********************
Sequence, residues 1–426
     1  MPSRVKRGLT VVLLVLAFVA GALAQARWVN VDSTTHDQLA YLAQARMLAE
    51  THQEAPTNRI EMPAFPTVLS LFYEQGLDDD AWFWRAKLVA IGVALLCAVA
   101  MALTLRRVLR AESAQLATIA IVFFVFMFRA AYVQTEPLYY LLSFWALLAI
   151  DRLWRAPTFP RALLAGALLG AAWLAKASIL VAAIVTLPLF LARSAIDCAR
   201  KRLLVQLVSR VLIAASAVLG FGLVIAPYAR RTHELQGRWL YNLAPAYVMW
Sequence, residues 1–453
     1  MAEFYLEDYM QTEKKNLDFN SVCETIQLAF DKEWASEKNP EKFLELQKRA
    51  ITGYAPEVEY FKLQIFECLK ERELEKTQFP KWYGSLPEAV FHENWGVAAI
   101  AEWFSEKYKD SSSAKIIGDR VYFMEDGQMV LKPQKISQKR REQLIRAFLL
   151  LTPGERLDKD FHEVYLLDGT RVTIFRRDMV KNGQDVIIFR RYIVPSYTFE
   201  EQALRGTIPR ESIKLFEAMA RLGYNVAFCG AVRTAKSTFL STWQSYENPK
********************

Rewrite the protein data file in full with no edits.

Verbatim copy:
Sequence, residues 1–426
     1  MPSRVKRGLT VVLLVLAFVA GALAQARWVN VDSTTHDQLA YLAQARMLAE
    51  THQEAPTNRI EMPAFPTVLS LFYEQGLDDD AWFWRAKLVA IGVALLCAVA
   101  MALTLRRVLR AESAQLATIA IVFFVFMFRA AYVQTEPLYY LLSFWALLAI
   151  DRLWRAPTFP RALLAGALLG AAWLAKASIL VAAIVTLPLF LARSAIDCAR
   201  KRLLVQLVSR VLIAASAVLG FGLVIAPYAR RTHELQGRWL YNLAPAYVMW
Sequence, residues 1–453
     1  MAEFYLEDYM QTEKKNLDFN SVCETIQLAF DKEWASEKNP EKFLELQKRA
    51  ITGYAPEVEY FKLQIFECLK ERELEKTQFP KWYGSLPEAV FHENWGVAAI
   101  AEWFSEKYKD SSSAKIIGDR VYFMEDGQMV LKPQKISQKR REQLIRAFLL
   151  LTPGERLDKD FHEVYLLDGT RVTIFRRDMV KNGQDVIIFR RYIVPSYTFE
   201  EQALRGTIPR ESIKLFEAMA RLGYNVAFCG AVRTAKSTFL STWQSYENPK